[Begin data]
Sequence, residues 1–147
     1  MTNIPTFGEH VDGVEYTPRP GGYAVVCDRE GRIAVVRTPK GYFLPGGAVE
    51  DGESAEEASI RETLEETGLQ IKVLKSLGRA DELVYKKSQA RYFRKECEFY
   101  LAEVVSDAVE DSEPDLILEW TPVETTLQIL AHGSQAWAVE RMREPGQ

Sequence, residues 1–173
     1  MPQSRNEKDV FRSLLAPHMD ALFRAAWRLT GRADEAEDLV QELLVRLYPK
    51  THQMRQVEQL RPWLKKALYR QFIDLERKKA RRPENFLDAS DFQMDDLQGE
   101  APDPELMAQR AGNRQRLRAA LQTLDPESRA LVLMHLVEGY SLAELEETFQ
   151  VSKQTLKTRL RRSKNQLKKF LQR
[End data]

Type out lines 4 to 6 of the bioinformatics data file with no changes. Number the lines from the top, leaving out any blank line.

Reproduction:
   101  LAEVVSDAVE DSEPDLILEW TPVETTLQIL AHGSQAWAVE RMREPGQ

Sequence, residues 1–173
     1  MPQSRNEKDV FRSLLAPHMD ALFRAAWRLT GRADEAEDLV QELLVRLYPK